Whether you’re reading, watching TV or on social media you cannot get away from hearing about being “green or eco-friendly.” So, what’s your take on being green?
According to a study released by the Sustainable Furnishings Council (SFC) in August last year consumers remain concerned about their spending on home furnishings and while quality, style and price are their main consideration, about half are just as concerned with being eco-friendly. Consumers are significantly interested in purchasing green home furnishings with two important qualifiers: if they like the style and if it costs roughly the same.
The main reasons consumers gave for not purchasing green home furnishings is lack of awareness and availability, suggesting a supply and awareness problem but the SFC study also reported that 25% of respondents don’t trust advertising claiming that products are green. 56% thought that green products would probably cost more.
As an accredited green designer, I would start by asking prospective clients how interested they are in purchasing green products for their homes. Many are not but for those who are interested we are able to lead them through the minefield of available information. Others are perhaps ripe to learn more about it.
Many large chains import furniture from the Far East to keep costs down but the ramifications are many: child labor, inferior quality, harsh chemicals and deforestation, to name a few. During the recent Winter Olympics, it was gratifying to watch a TV special on logging in British Columbia that followed a man employed solely to plant a new tree for each one cut down. That’s the way it should be.
Ask questions. Find out where your furniture is being made. Look out for the FSC (Forest Stewardship Council) label on furniture you’re interested in purchasing as this is the most widely recognized international wood standard with national initiatives in 46 countries and with 81 countries receiving certification. The FSC’s mission is to prohibit land use conversion, the use of hazardous pesticides, prevent genetically modified trees, and to respect the rights of indigenous people. You can find out more at www.fsc.org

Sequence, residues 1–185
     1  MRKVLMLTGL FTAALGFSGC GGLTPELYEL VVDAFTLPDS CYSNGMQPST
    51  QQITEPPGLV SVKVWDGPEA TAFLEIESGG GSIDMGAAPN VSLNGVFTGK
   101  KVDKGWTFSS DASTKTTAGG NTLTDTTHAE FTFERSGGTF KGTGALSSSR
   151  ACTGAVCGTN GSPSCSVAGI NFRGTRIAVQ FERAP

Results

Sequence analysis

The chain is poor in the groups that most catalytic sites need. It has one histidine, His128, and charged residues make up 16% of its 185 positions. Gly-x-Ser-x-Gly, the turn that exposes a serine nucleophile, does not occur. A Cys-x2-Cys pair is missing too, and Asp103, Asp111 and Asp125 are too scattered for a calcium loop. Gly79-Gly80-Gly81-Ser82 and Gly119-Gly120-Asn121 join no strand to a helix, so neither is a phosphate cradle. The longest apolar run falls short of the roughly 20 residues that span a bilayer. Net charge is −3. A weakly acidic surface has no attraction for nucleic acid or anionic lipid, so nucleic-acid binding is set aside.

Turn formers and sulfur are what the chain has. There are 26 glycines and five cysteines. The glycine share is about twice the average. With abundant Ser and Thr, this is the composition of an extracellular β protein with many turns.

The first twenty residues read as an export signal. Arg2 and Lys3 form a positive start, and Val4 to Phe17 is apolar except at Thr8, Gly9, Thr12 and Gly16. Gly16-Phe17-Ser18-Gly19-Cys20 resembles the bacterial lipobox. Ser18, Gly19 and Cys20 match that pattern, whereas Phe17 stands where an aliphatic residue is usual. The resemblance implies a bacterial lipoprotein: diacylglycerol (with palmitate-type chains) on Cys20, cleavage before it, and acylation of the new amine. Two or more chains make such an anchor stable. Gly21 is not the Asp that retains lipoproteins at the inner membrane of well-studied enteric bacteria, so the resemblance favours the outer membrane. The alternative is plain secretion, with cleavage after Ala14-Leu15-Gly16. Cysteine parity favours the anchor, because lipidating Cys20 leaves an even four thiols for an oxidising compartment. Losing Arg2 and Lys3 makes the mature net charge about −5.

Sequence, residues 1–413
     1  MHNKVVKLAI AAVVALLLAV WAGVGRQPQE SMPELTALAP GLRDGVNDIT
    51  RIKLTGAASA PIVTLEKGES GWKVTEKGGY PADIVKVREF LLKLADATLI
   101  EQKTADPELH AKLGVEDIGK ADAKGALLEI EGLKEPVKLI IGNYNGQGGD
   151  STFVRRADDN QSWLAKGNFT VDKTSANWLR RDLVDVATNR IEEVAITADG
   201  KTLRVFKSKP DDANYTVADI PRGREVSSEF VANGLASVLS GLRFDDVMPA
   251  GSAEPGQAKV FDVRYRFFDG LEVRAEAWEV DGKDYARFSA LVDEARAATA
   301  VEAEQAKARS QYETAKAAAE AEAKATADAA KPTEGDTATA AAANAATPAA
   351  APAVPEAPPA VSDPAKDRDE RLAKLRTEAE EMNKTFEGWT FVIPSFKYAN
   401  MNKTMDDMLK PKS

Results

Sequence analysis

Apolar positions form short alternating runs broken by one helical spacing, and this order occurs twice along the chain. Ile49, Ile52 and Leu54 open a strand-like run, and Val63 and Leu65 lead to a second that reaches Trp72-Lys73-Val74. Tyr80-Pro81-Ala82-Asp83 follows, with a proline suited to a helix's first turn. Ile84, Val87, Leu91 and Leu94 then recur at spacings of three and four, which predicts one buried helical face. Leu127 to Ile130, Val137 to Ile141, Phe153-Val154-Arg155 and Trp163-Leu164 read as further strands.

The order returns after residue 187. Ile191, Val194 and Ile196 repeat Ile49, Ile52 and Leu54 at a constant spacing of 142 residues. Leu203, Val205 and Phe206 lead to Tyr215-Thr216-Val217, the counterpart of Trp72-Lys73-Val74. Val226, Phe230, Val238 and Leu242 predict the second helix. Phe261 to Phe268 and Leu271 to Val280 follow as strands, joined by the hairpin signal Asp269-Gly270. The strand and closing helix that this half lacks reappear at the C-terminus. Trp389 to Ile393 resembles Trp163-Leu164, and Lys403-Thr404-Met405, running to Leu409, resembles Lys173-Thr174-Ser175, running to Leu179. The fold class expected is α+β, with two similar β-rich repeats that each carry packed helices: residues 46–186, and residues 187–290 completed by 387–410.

You can guarantee that most custom American bench-made furniture will be made using wood from sustainable forests, and many of the larger chains such as Crate & Barrel do too.
Paint & Wallcoverings
According to the U.S. Environmental Protection Agency about 23 million people, including 6.8 million children, have asthma which accounts for nearly 17 million physician office and hospital visits, and nearly 2 million emergency department visits each year. Indoor air quality is another hot topic right now and the figures above show why.
Volatile Organic Compounds (VOCs) are organic chemical compounds that vaporize into the atmosphere and can be harmful and toxic especially to children. They can be found in paints and lacquers, paint strippers, cleaning supplies, building materials and furnishings. Paint stores offer a variety of sustainable paint options and for very little extra you can use low or no V.O.C. products.
York Wallcoverings (www.yorkwall.com) in York, PA are the oldest and largest manufacturer of wallcoverings and have a huge selection of low VOC vinyl wallpapers used in hotels and nursing homes due to their long life and easy-to-clean surfaces. Ask your decorator to show you what’s available.
Although this blog has only covered two key elements of the green debate there is much more to discover. The green market is more established in hospitality and many consumers have already stayed in a green hotel yet 75% of consumers polled have never heard of a green designer.
Sue Thomson, C.I.D. is an accredited GREENleader Accredited Professional and Member of the Sustainable Furnishings Council .